New agenda: “We are entering a new political era, a new political arena, we need a new agenda which will reflect the needs and interests of the people. The sectarian system must be dismantled – in all its structures, attitudes, values; the apartheid mentality must be challenged where ever it surfaces – politics, education, employment, culture, recreation, housing patterns.”
Education: One area to begin is in the field of education, she said. “There is no moral, economic, social or ethical reason to maintain a segregated system of education where children at best are building life long friendships and forming attitudes based on one part of the community only; at most they are developing a sense of fear, mistrust and even hatred of the other side. … If peace is to be lasting you must set about changing society now. It means confronting substantial barriers but steps to resolve this destructive chasm must be a major priority if life in NI is to be raised beyond its present level. We must cultivate a climate of tolerance, of respect for diversity, as a source of enrichment rather than confrontation.”
Poverty and unemployment: Ms Donnelly then spoke of the “horizontal” division reinforced by the critical unemployment situation – widespread structural and cyclical unemployment plus extensive low paid, part time, low esteem jobs. “Despite millions of pounds and projects there are still unacceptable levels of poverty and deprivation. Obviously no coherent plan, no real strategy – each small agency looking after its own patch and competing with each other.” She pointed to the 100,000 unemployed, 375,000 living below poverty line, education system which treats 80% of children as rejects, and a deteriorating health service.
The Worker Party proposed a “Central Commission for Social Reconstruction, an All Party Jobs Forum, and a coherent imaginative, forward looking plan to combat unemployment and poverty. “Our slogan Peace, Work, Democracy is not a mere catch call to be trotted out at elections – it has concrete meaning woven into the fabric of the struggle for political and economic power. Freedom means freedom from poverty, from inadequate housing and from an economic system which allows such poverty to exist alongside extravagant wealth.”
Ms Donnelly concluded: “We are about changing society, about creating the climate and conditions where the vast majority can live in dignity… This is not a task for small-minded people with only an eye for today. It is a task for people with a vision of tomorrow.”
2. Dr. Bill Ramsay (Alliance Party; filling in for Mary Clarke-Glass)
Dr. Ramsay outlined the historical development of the Alliance Party which he said had equal Protestant and Catholic membership. On Craigavon Council the Alliance members had a good working relationship with the Workers Party, he said. Being a small party, devoted to non-violence, it was very difficult to get media attention he said, and he commented on the saturation coverage given to Sinn Fein which had 51 local councillors, while his party had 45. In such circumstances it was difficult to promote peace, he said. The media seemed interested only in bad news.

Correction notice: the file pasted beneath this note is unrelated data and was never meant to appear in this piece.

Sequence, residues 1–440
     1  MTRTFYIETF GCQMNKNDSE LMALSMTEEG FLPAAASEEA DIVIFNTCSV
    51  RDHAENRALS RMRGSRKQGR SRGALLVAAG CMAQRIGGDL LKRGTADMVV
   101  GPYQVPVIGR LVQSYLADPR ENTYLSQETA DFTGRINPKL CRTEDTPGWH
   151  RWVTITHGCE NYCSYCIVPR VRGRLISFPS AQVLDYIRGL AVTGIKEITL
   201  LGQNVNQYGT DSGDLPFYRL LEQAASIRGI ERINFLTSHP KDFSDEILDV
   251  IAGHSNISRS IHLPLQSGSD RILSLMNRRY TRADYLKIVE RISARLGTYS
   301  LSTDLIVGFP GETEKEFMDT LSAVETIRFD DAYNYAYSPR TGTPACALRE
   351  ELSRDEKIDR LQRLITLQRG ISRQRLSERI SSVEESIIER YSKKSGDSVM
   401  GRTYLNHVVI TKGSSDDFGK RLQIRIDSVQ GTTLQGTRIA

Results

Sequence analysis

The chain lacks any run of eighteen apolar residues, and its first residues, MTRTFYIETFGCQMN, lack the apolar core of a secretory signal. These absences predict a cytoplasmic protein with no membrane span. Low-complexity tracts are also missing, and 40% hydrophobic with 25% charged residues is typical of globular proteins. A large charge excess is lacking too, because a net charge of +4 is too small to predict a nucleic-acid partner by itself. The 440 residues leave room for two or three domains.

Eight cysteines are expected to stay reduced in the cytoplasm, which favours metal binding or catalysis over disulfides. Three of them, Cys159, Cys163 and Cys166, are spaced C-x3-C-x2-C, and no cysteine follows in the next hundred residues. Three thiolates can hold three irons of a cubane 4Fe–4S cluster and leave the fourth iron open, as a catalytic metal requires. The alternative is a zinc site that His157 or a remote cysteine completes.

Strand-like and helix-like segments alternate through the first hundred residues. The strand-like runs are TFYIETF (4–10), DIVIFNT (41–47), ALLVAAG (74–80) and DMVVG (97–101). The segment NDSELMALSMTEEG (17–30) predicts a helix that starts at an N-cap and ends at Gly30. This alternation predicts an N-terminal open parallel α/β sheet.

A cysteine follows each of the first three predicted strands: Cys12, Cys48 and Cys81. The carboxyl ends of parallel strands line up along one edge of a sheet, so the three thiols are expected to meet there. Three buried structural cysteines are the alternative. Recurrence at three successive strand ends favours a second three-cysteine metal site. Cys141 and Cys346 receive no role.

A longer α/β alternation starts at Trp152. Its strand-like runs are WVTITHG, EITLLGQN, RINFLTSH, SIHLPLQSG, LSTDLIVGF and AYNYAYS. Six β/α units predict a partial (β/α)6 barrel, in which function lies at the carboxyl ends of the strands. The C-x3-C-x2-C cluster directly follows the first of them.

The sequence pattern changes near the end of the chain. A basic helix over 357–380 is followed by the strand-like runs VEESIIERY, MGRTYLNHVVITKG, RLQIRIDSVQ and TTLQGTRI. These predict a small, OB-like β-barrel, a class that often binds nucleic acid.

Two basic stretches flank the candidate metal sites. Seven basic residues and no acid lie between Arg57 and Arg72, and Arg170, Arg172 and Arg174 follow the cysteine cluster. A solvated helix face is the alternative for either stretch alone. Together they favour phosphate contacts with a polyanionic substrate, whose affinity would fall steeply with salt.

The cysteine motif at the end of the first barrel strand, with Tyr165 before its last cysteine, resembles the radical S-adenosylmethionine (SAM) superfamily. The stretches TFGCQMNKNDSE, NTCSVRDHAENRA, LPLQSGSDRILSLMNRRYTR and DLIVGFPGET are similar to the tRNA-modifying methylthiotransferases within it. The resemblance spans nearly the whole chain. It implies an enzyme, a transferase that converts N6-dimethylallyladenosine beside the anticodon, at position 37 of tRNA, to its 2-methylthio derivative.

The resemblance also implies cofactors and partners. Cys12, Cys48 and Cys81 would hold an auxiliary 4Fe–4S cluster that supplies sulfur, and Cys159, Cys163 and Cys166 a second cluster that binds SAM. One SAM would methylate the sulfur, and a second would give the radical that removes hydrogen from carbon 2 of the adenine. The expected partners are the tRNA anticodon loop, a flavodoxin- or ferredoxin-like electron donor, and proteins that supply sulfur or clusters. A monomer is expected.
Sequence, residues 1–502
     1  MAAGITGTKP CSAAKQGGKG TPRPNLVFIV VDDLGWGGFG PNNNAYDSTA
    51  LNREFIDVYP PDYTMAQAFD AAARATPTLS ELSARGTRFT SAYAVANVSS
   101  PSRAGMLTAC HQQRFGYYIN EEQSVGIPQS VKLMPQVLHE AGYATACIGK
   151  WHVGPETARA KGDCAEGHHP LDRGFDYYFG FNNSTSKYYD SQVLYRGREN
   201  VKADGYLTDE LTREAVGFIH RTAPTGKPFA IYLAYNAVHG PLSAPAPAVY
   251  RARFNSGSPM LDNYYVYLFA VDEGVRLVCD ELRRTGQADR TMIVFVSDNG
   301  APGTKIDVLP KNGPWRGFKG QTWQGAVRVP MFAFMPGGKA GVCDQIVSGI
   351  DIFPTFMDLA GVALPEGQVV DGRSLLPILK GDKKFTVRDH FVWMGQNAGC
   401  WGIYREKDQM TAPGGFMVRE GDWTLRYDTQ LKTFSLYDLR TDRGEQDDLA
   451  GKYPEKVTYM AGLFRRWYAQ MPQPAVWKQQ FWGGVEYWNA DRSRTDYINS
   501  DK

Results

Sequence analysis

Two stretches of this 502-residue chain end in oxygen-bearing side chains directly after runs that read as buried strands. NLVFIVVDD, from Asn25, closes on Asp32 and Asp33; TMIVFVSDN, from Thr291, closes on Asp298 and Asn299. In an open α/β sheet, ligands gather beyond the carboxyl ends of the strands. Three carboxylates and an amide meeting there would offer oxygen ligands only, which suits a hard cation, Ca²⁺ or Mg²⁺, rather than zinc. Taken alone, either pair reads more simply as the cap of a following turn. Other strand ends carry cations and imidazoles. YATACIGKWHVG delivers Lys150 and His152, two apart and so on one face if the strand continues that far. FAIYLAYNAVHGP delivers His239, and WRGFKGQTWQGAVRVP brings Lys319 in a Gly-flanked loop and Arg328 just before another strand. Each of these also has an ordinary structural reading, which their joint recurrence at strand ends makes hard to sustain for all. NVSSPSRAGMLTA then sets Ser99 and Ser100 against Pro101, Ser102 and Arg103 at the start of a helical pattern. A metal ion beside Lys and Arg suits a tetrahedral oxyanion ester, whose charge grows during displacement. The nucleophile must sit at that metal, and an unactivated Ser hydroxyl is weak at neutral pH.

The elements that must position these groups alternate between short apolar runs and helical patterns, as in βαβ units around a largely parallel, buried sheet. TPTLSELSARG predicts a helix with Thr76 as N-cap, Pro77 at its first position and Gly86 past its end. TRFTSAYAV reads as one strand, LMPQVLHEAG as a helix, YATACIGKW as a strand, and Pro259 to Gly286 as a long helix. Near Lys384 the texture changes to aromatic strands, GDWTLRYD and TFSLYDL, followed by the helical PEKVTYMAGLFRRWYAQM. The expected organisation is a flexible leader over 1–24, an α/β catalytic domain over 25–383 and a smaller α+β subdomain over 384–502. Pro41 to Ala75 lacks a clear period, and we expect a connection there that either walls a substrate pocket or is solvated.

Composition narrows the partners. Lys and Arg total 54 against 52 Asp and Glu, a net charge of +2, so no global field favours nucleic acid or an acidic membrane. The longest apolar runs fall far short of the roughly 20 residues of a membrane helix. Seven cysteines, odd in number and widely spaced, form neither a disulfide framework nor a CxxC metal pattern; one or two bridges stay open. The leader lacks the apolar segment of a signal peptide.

Dr Ramsay said that the Alliance also called for a Bill of Rights, but they did not believe in forcing people into integrated education. His party welcomed the Framework Document as a basis for negotiation, and believed in equality of treatment for all. He looked forward to a society where people would be at ease among themselves and would be able to feel free to discuss religion and politics openly.
Questions: After the talk, questions were asked on a wide range of issues including Integrated education, Housing, Community relations, De-commissioning of arms, Funding for jobs, Devolved government.
Asked about ways of improving North-South relations, Marian Donnelly called for more people from the Republic to make friendships with people from Northern Ireland, to travel North and to invite people down and she praised the work of the Meath Peace Group. Isobel Hylands (Lurgan) was commended for the talks which her group Interaction had organised in Craigavon Co. Armagh, bringing speakers from political parties in the Republic and Northern Ireland to talk on issues in her area.
Biographical notes on speakers:
Dr. Bill Ramsay, Portadown. Member of Alliance Party since foundation 25 years ago. Member of Craigavon Borough Council, 1973-1981 and 1985 to date, and parliamentary candidate in several elections; retired G.P.
Marian Donnelly: School teacher; interested in political and social activity since childhood. Joined Northern Ireland Civil Rights Association in late ’60s and founder member of County Derry branch. Active member of the Workers Party (formerly Republican Clubs) since 1969; President of the party since 1992. Also belongs to GAA and local drama group and various community and women’s groups.
Meath Peace Group report – May 1995 – compiled by Julitta Clancy